Find­ing depths in shal­low wa­ters

A few great works stand out in the un­wield­i­ness of the Venice Bi­en­nale, writes Venice Bi­en­nale Un­til Novem­ber 21.

The Weekend Australian - Review - - Visual Arts - Se­bas­tian Smee

THERE aren’t too many par­al­lels you can draw be­tween Venice and the fes­ti­val of con­tem­po­rary art that is held there ev­ery two years. The re­la­tion­ship is mostly one of shriek­ing dis­so­nance. But just as Venice de­feats all com­ers — the city is so dis­ori­ent­ing, so rich, that one feels, quite sim­ply, ill- equipped — it seems the bi­en­nale has a way of de­feat­ing all who are cho­sen to di­rect it.

This year, hopes were higher than usual. Though the bi­en­nale as a whole has been get­ting vaster and more un­wieldy each time it is staged ( any coun­try with the means is free to dis­play its artists in im­pro­vised na­tional pav­il­ions across the city; this year a record 77 are tak­ing part) the show’s two core ex­hi­bi­tions, at the Ar­se­nale and in the Ital­ian pavil­ion, re­main un­der the con­trol of the di­rec­tor. And this year the di­rec­tor is Robert Storr.

Storr is an im­pres­sive man. The first Amer­i­can to be ap­pointed di­rec­tor in the event’s his­tory ( it started in 1895), he is a for­mer cu­ra­tor at the Mu­seum of Mod­ern Art in New York. He has cham­pi­oned con­tem­po­rary art for many years, but he re­gards the best of it as a con­tin­u­a­tion of ear­lier kinds of art- mak­ing rather than a rad­i­cal break from them. On al­most any art- re­lated sub­ject he is daunt­ingly ar­tic­u­late, but sen­si­ble, too: not a com­bi­na­tion of­ten seen in the art world.

Why, then, does some­thing about his bi­en­nale seem so lack­lus­tre? Is it that ex­pec­ta­tions were too high? Or has some­thing gone wrong?

There are a few great things in the Ar­se­nale, start­ing with the first work, a poignant in­stal­la­tion by Italy’s Luca Bu­voli. The work is in­spired by some­thing fu­tur­ist poet Filippo Marinetti said near the end of his life, just be­fore the col­lapse of the Fas­cist regime he had sup­ported: ‘‘ It will be a beau­ti­ful day the day af­ter to­mor­row.’’ Made up of painted pa­per, mo­saic, sus­pended ban­ners and a video in­ter­view with Marinetti’s daugh­ter, it cap­tures some­thing of our moral con­fu­sion about the past, along with our con­tin­u­ing ca­pac­ity for po­tent dreams for the fu­ture. How­ever, con­tin­u­ing through the Ar­se­nale’s long, en­ergy- sap­ping spa­ces, it is hard to shrug off the sense that too much of what is on of­fer is well- meant but shal­low.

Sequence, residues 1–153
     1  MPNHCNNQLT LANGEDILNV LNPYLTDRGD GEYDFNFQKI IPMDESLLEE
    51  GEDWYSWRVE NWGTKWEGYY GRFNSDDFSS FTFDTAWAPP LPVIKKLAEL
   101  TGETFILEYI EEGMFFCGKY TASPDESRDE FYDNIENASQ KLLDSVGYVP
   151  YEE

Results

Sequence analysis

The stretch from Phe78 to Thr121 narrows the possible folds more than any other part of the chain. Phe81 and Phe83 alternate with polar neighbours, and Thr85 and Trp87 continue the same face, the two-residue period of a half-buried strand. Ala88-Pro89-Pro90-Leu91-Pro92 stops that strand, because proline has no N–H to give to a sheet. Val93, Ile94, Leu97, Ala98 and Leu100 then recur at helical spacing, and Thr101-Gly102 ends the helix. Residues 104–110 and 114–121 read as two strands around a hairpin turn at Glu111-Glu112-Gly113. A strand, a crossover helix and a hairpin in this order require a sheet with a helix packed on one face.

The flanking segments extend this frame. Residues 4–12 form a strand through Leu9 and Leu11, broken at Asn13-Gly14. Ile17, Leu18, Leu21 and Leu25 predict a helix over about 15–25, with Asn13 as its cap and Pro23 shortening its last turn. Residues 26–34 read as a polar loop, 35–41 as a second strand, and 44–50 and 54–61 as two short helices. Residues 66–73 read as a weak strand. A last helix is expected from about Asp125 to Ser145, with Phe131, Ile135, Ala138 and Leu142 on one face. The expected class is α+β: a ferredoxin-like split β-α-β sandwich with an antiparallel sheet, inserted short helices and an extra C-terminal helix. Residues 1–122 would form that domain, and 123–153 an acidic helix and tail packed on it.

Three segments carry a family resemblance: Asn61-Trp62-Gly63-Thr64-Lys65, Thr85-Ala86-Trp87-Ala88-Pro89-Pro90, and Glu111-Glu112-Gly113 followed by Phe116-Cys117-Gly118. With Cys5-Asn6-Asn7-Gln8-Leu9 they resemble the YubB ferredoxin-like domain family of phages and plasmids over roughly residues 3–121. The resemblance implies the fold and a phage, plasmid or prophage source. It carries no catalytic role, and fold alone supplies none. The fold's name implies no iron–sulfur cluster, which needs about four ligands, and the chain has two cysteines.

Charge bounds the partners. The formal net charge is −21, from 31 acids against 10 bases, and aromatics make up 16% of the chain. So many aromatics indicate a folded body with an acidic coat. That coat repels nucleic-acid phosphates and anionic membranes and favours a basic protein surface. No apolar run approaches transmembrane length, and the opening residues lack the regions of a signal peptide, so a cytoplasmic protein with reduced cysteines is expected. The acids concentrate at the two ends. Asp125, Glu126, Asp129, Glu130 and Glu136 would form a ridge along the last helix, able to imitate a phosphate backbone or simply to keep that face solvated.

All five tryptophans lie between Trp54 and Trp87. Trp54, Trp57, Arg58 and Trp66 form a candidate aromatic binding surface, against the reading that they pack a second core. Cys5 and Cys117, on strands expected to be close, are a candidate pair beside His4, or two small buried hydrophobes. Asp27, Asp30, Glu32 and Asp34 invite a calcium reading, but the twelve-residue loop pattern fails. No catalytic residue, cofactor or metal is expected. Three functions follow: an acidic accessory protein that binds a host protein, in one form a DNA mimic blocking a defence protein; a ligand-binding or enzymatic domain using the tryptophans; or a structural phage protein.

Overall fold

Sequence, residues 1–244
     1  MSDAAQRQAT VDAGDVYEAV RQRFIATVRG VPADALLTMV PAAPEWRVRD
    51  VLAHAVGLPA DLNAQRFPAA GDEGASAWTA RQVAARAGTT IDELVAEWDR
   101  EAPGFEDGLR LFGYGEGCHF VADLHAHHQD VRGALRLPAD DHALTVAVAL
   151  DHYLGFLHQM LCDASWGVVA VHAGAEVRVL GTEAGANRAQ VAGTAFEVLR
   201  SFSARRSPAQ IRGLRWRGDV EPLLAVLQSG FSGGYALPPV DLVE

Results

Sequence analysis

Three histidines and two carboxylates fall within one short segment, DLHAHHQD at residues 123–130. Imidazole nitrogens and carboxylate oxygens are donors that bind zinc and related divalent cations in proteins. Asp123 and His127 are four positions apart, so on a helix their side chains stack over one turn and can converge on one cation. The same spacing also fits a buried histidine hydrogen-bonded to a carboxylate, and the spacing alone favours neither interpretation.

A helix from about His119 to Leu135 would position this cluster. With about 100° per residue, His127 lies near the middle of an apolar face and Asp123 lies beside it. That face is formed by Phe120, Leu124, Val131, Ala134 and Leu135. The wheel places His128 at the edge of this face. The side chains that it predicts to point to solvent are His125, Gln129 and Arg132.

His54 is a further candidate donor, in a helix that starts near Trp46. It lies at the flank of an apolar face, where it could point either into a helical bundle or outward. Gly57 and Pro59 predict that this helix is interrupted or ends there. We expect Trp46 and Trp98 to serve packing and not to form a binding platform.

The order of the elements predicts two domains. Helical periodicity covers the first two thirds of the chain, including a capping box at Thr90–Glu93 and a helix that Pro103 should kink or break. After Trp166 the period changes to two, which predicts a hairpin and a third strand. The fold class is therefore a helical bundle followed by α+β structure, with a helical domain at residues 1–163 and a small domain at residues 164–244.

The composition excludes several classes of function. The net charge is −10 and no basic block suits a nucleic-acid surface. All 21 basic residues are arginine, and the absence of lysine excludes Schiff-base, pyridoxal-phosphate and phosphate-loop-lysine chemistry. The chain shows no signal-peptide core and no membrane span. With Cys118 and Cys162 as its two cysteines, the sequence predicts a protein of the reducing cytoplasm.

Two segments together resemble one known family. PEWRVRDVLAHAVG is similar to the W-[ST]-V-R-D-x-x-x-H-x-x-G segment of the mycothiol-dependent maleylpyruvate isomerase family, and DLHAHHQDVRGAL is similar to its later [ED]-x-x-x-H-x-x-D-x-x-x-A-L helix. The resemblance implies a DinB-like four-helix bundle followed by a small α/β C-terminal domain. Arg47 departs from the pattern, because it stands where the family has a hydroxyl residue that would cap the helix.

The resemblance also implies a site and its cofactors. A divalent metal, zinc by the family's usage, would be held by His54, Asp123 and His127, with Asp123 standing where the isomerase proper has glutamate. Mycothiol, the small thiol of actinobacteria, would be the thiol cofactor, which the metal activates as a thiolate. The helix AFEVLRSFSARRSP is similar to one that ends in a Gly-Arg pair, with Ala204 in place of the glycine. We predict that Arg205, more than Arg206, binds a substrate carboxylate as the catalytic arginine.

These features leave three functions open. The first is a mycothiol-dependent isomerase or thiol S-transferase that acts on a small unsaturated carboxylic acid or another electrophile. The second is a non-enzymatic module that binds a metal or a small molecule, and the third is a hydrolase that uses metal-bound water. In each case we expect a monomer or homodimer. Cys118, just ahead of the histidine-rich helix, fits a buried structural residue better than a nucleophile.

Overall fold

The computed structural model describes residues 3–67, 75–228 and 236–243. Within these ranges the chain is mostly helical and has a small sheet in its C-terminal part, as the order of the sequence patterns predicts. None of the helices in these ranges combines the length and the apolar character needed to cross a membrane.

Ev­ery kind of po­lit­i­cal art is on dis­play: the good, the bad, the beau­ti­ful, the ugly. Storr has so­phis­ti­cated, wised- up ideas about po­lit­i­cal art, but one can’t help feel­ing that lit­tle of what he has cho­sen will be re­mem­bered even two years from now.

Match­ing the pre­oc­cu­pa­tions of many artists to­day, much of the work is con­cerned with war and de­struc­tion. One video, for in­stance, by Italy’s Paolo Canevari, shows a boy play­ing soc­cer with a hu­man skull out­side the bombed­out Ser­bian army head­quar­ters in Bel­grade. But while some of it is strik­ing or thought­ful, lit­tle is truly in­spired. There are some mov­ing dis­plays, in­clud­ing one by Amer­i­can artist Emily Prince, who has made small draw­ings, based on pho­to­graphs, of ev­ery US sol­dier who has died in Iraq and Afghanistan, dis­played across a large wall. But they don’t deepen in the imag­i­na­tion as great art should.

There is too much pho­tog­ra­phy. Much of it is lit­tle more than glo­ri­fied doc­u­men­tary pho­tog­ra­phy, the kind that seeks to look more ar­tis­ti­cally se­ri­ous than tra­di­tional pho­to­jour­nal­ism by, iron­i­cally, emp­ty­ing it of con­tent and vis­ual com­plex­ity. I have in mind Moroc­can Yto

Bar­rada’s pho­to­graphs protest­ing against overde­vel­op­ment in Tang­ier; Ja­panese Tomoko Yoneda’s tourist snaps in for­mer con­flict zones; Ital­ian Gabriele Basil­ico’s pho­to­graphs of a bombed- out Beirut; and Aus­tralian Rose­mary Laing’s pho­to­graphs of a de­ten­tion cen­tre in South Aus­tralia. All four have mer­its, but their images are nerve­lessly cool, de­void of af­fect. Next to doc­u­men­tary pho­to­graphs by Rus­sian­born Is­raeli Pavel Wolberg, dis­played fur­ther on in the show, they seem pre­ten­tious.